Dane County Humane Society
The mission statement of Dane County Humane Society (DCHS) is Helping People Help Animals. We are an adoption guarantee, open admission shelter located in Dane County that functions as a private non-profit organization. DCHS accepts all animals that need assistance no matter their age, health status, or temperament. DCHS guarantees that all healthy cats and dogs and those with treatable medical/behavioral conditions will find new homes.
Approximately 9,000 animals pass through our doors every year including companion animals, exotic species, farm animals, small mammals, and orphaned or injured wildlife. We serve as the stray animal holding facility for Dane County, and we reunite over 1,000 lost pets with their families each year. DCHS is a recognized leader in providing many services including low cost spay/neuter, humane education, adoption services, and wildlife rehabilitation.
Dane County Humane Society (DCHS) places great importance on providing services specifically for kids, by offering year-round humane education programs and volunteer opportunities. DCHS’s humane education program includes a number of unique opportunities for school groups and individuals. Among these are Camp Pawprint, Humane Heroes Club, field trips to the shelter, classroom presentations, and birthday parties. Camp Pawprint: Summer Break is a week long day camp where children spend a total each day directly interacting with our shelter animals, completing hands-on activities related to animal care, and experiencing professional speakers such as ZooZort, International Crane Foundation, and many more! We offer 3 camp themes throughout the summer so youths can learn about domesticated animals, local and exotic wildlife, and careers in the animal world. Our day camps offer kids an educational experience during school holidays where they get to meet animals and learn about their care. The Humane Heroes Club is for animal-loving kids and meets three times a month! Our Heroes complete service projects for the shelter and meet many different animals. Our shelter field trips consist of a 2.5 hour session where groups enjoy a behind-the-scenes tour of the shelter, interact with our classroom animals, have a lesson on an animal or environmental topic of their choice, and then can stay and enjoy lunch on our grounds. For classroom presentations, our humane educator visits the classroom and presents a standards-based lesson about animals. We also bring classroom animals to interact with the students.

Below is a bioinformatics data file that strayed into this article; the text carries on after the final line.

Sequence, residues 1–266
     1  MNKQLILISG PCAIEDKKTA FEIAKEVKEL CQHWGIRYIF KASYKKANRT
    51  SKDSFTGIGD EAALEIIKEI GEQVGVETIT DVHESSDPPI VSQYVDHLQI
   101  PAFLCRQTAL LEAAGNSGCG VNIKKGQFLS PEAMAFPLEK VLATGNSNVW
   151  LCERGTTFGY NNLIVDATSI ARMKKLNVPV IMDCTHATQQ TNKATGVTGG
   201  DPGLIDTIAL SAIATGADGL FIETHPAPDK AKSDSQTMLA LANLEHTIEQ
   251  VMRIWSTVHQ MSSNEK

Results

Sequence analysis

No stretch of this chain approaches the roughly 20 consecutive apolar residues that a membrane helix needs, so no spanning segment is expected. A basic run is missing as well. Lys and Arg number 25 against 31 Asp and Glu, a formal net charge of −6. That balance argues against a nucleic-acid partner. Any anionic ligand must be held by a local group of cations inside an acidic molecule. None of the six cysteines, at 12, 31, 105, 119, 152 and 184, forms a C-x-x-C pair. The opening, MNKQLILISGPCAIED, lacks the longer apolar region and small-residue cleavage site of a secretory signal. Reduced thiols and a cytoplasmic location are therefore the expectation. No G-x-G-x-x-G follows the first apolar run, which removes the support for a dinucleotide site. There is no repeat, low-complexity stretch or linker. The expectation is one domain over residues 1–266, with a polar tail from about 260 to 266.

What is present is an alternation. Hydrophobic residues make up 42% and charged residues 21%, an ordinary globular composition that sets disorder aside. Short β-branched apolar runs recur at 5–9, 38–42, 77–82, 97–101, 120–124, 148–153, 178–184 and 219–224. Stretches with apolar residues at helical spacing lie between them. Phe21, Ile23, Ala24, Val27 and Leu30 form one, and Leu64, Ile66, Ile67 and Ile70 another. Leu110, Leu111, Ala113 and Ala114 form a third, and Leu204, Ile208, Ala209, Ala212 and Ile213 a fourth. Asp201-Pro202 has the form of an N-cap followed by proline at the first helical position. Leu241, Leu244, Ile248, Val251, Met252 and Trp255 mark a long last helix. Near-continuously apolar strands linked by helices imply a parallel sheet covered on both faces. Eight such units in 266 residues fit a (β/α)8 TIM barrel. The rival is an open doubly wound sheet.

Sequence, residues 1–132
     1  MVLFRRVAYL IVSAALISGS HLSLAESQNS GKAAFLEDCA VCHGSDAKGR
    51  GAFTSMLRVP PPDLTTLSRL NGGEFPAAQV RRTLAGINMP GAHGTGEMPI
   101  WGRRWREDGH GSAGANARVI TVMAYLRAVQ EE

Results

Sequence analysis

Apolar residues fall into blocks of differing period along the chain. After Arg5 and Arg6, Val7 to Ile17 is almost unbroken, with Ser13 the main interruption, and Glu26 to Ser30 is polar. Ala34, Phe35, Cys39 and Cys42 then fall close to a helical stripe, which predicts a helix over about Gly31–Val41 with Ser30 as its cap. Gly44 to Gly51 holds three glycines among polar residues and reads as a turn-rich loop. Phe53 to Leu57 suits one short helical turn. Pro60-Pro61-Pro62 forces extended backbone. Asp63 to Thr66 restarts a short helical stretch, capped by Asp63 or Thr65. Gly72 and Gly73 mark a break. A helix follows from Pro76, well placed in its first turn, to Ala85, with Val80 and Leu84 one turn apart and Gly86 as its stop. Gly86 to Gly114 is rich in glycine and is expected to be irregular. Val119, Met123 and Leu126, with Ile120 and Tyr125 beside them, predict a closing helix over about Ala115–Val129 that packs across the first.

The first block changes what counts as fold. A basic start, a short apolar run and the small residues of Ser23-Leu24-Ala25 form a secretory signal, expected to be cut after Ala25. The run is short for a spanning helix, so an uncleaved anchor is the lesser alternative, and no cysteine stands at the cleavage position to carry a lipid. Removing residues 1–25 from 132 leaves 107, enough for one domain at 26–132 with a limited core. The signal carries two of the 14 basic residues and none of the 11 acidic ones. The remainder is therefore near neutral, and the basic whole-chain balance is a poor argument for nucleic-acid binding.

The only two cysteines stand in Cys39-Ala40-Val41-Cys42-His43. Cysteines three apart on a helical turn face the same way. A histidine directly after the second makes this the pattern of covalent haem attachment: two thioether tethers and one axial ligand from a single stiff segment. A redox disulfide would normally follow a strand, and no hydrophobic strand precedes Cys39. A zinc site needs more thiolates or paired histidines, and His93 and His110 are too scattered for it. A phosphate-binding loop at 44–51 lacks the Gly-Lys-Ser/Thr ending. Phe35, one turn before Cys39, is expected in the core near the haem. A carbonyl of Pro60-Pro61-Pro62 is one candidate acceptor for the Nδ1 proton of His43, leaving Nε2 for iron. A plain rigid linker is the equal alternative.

Great lessons about having compassion and empathy are gained by meeting and learning about animals. Understanding animal behavior and nonverbal communication teaches children to put themselves in the shoes, or paws, of another. By providing youths with opportunities to meet and handle animals, they are introduced to a new world, to beings that do not share the same verbal language with us but share a similar capacity for feelings and emotions. The greatest outcome to be achieved is the learning of empathy. To have empathy is to have an understanding that all living creatures have feelings and emotions and can feel pain. By developing compassion for animals, children learn to have compassion for others. Humane education is presented to young people so that these values will be carried with them through adulthood and will help the world become a more humane place for all.